‘The Amazing Spider-Man 2’ Or Why I Wished It Failed

You might have heard that, as a result of the box office performance of “The Amazing Spider-Man”–which earned just over $750 million worldwide, on a budget of $230 million–has warranted a sequel.

And in other news, the sky is blue, and dinosaurs have been gone (except Nessie) for a long, long time.

This is good news if you’re Marc Webb, Sony Pictures, or anyone involved in the production, or even a fan of Spidey.

The news is not so good if you’re expecting to see Spider-Man joining the Avengers in their latest battle, or maybe irritating the Thing from the Fantastic Four because, as long as Spider-Man brings in beaucoup bucks, the odds of Sony releasing the character back to Marvel has worse odds than Michelle Bachmann telling the truth during a debate.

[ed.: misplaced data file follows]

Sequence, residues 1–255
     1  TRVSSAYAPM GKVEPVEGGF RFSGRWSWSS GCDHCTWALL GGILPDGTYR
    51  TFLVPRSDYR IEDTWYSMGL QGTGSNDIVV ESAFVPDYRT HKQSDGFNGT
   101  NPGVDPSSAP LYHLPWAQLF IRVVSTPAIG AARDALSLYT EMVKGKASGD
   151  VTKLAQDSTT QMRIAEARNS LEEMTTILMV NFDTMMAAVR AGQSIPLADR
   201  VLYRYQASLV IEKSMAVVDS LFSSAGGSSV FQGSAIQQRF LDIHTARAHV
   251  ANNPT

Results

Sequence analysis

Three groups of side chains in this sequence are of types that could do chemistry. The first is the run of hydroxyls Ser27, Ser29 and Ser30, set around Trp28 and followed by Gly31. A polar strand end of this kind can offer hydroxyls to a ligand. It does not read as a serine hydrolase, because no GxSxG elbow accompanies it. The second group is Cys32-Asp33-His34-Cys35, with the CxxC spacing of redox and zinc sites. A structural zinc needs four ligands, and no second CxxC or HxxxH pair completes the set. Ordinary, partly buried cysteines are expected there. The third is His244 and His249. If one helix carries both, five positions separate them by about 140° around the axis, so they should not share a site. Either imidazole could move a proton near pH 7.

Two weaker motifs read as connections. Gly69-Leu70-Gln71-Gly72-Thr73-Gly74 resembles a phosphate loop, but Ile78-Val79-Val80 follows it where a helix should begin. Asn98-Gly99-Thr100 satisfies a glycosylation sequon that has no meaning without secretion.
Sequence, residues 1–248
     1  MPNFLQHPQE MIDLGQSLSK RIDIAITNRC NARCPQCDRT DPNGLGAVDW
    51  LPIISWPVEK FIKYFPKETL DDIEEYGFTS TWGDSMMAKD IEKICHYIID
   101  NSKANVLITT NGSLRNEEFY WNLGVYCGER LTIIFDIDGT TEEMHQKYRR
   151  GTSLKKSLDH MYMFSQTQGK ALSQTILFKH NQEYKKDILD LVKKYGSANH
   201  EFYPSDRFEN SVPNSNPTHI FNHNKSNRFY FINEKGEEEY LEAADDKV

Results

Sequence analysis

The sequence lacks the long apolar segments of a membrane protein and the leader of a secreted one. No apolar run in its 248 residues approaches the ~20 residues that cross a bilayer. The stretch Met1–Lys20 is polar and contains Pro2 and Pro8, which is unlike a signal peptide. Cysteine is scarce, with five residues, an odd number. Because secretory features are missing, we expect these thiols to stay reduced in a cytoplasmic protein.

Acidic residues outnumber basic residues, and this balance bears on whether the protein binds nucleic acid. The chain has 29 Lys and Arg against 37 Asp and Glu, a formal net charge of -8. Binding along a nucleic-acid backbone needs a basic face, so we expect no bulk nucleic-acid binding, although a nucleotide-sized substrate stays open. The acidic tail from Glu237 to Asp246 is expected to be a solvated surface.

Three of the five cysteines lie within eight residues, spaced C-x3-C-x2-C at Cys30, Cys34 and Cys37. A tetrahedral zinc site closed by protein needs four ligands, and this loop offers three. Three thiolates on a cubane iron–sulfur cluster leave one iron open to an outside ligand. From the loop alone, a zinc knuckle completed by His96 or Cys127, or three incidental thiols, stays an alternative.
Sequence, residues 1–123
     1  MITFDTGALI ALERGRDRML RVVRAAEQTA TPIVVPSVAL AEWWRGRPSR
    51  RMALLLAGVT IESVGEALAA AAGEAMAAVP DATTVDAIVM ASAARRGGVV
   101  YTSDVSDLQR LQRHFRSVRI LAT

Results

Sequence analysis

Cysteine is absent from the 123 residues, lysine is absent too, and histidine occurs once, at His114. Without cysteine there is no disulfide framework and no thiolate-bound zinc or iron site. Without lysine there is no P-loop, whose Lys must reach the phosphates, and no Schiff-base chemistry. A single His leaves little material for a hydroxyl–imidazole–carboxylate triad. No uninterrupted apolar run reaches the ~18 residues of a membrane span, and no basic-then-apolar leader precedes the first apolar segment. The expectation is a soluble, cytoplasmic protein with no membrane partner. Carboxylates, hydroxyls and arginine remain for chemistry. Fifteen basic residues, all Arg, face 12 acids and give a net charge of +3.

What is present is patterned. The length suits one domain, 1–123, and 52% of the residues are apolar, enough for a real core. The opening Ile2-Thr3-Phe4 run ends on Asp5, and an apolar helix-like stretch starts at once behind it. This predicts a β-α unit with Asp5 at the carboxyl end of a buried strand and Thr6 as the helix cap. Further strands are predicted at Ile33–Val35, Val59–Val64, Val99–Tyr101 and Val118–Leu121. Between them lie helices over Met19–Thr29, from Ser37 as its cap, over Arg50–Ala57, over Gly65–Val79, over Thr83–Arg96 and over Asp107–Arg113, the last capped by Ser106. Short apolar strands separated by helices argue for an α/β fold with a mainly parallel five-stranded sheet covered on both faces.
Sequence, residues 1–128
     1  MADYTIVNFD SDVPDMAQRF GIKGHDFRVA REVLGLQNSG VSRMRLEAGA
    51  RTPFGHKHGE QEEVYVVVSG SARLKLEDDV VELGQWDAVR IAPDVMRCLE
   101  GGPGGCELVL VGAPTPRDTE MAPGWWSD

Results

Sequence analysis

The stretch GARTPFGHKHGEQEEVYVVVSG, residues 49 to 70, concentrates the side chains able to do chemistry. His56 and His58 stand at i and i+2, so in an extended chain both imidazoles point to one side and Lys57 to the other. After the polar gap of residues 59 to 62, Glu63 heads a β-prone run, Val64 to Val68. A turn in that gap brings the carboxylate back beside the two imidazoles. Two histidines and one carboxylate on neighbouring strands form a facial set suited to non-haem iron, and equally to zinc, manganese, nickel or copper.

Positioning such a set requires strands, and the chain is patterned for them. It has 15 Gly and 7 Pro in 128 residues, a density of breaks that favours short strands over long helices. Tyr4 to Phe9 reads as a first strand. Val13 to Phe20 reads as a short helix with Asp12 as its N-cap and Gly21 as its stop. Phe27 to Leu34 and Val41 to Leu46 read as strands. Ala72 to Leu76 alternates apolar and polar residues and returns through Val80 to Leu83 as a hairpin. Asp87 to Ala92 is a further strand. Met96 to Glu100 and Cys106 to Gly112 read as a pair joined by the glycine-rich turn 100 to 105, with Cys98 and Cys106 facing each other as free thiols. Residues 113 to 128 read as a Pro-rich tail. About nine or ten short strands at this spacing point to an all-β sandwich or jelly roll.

In other words: It ain’t going to happen, though maybe Daredevil can make an appearance…

Another issue is that I imagine that it’s really difficult for Marvel to counter-program against a movie that features one of their own characters because, in an odd way, it’s like shooting themselves in the foot.

Though that’s not to say that Disney cannot do so, perhaps with the sequel to “Tron: Legacy?”

In the name of full disclosure, I have to mention that I didn’t see “The Amazing Spider-Man” in theaters, mainly because I don’t quite understand while the film makers would waste time going over his origin story because I suspect that everyone gets the whole ‘bitten by a radioactive spider thing’ and “with great power comes great responsibility” stuff by this time.

Though if Mysterio (or maybe Electro) is the villain in the new film, I’ll be so willing to eat my words.

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